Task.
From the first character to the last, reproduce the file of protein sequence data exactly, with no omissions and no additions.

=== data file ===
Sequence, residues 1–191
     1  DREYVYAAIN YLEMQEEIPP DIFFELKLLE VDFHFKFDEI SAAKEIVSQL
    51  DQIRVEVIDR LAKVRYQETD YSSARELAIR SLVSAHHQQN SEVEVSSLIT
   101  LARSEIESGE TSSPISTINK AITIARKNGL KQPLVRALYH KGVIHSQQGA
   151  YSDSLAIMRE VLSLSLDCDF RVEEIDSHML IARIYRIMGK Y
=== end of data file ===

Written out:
Sequence, residues 1–191
     1  DREYVYAAIN YLEMQEEIPP DIFFELKLLE VDFHFKFDEI SAAKEIVSQL
    51  DQIRVEVIDR LAKVRYQETD YSSARELAIR SLVSAHHQQN SEVEVSSLIT
   101  LARSEIESGE TSSPISTINK AITIARKNGL KQPLVRALYH KGVIHSQQGA
   151  YSDSLAIMRE VLSLSLDCDF RVEEIDSHML IARIYRIMGK Y